Final seminar project and paper (30%)

Final seminar project and paper (30%): 15-18 pages. This is an original, student-generated research-based paper that describes, assesses, and interprets your final term project and/or its findings. The purpose of this project and paper is to synthesize and put into practice the theoretical and hands-on work we’ve been doing in the class in a way that speaks to your critical interests and professional goals. You may choose to turn your final project in a pedagogical direction or an interpretive direction, as you like. Your paper must be analytical in nature, as well as descriptive of your project. You must take up either Frankenstein (either/both versions), or a text or corpus or topic of your choice, approved by me.

Some ideas: Your term project might take up a tool/analytical method we used in class, or one we have not overtly discussed in class. It might explain a textual interpretation derived from quantitative analysis. It might hypothesize, from an informed position, a project yet to be developed. It might focus on pedagogical opportunities–you could design an ideal class, with a sequence of assignments, and then use your paper to explain and contextualize your choices. You might develop a writing class for NOVA that thinks through writing digitally, and use your paper to explain and contextualize your choices. You might look at a collection of student texts and analyze them computationally. It might do any number of things–this is just a place to start!

Include at least 7 well-chosen secondary sources to help contextualize your work and frame your argumentation or analysis. MLA format. Grade is A/B/C (see the catalog for graduate grading criteria).

This project should be submitted to the Student Research Conference.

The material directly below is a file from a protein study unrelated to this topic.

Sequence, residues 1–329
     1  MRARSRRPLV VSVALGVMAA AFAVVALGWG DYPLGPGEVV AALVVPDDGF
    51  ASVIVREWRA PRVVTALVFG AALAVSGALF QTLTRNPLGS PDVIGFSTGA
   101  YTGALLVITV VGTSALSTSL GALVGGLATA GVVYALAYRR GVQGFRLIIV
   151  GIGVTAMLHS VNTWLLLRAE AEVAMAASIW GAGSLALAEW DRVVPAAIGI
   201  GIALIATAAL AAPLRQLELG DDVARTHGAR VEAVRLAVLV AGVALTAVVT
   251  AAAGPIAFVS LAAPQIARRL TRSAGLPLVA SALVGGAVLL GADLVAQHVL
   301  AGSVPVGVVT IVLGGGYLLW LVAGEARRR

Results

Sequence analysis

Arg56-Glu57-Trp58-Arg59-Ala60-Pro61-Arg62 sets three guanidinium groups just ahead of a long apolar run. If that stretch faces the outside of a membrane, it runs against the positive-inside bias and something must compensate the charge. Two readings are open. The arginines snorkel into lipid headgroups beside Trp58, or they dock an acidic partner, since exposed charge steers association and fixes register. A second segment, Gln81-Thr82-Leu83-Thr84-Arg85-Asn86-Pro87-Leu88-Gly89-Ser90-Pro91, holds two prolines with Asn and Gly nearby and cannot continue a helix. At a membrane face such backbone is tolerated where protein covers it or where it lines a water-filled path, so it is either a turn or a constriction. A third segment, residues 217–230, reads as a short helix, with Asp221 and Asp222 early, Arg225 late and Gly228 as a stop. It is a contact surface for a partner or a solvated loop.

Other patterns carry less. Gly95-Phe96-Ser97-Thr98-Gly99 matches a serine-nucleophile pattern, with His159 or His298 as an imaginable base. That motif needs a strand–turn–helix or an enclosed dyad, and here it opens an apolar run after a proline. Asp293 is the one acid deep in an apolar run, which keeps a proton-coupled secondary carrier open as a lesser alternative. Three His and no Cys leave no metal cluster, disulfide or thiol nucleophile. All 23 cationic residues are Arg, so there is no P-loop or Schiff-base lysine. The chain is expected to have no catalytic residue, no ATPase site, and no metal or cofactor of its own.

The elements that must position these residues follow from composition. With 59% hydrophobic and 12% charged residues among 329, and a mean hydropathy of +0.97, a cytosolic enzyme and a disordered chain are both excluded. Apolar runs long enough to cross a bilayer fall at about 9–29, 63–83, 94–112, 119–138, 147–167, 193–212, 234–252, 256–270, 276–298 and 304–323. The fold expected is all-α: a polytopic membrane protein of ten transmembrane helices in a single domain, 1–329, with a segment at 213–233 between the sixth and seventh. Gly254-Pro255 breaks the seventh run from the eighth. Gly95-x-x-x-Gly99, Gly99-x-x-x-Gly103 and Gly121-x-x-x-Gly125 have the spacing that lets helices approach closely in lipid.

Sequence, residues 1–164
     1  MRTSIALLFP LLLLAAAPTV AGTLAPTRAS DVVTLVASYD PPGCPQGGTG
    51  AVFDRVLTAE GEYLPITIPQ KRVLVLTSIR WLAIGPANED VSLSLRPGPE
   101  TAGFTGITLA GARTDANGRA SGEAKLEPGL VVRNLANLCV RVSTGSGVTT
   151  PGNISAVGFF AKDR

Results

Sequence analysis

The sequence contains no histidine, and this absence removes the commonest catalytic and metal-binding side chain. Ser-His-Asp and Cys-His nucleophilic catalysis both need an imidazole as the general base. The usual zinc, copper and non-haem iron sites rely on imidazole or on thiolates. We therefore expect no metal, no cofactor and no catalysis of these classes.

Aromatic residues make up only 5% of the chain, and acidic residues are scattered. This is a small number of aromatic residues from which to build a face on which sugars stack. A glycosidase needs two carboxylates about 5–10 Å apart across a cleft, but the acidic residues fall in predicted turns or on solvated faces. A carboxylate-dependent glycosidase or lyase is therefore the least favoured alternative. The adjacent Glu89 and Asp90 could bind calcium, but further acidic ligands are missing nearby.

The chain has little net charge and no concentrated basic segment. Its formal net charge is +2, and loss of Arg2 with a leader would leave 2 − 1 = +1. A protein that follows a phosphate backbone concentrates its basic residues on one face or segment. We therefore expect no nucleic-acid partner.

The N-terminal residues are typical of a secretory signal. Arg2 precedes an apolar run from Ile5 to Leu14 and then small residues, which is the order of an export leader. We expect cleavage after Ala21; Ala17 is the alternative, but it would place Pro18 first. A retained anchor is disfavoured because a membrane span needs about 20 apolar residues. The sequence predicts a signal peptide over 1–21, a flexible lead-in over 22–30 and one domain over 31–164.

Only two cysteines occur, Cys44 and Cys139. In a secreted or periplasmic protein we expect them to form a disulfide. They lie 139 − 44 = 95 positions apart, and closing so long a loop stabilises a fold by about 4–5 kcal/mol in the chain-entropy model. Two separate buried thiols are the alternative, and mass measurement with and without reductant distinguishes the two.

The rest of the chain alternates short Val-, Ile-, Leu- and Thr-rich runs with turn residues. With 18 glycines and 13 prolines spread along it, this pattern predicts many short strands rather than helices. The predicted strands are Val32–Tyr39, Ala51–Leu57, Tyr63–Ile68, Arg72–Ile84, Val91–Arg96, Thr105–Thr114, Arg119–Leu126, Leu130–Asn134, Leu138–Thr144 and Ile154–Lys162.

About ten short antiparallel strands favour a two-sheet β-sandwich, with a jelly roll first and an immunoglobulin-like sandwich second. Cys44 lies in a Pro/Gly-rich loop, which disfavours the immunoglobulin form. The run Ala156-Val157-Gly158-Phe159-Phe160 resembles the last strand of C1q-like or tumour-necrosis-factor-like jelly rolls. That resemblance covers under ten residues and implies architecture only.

Other criteria:

  • Your writing should be polished, well-calibrated to its audience, and reflect your own academic persona.
  • Your essay must have a clear, strong thesis that captures your central claims and provides structure for the essay.
  • The essay should have a clear and well-developed organizational schema with effective transitions throughout.
  • The essay must thoughtfully and thoroughly incorporate well-chosen sources and/or data in an ethical manner (both in the logistics of source use and in terms of analysis).
  • Your essay should clearly and deliberately address your project in a way that serves the thesis.
  • The essay should be correctly formatted in MLA style throughout.
  • The project may take a number of forms, but it should be, in all cases, well-calibrated to its audience, thoughtfully designed, publicly accessible to the extent possible, and thoroughly discussed in the essay.

Include at least 7 well-chosen secondary sources to help contextualize your work and frame your argumentation or analysis. MLA format. Grade is A/B/C (see the catalog for graduate grading criteria).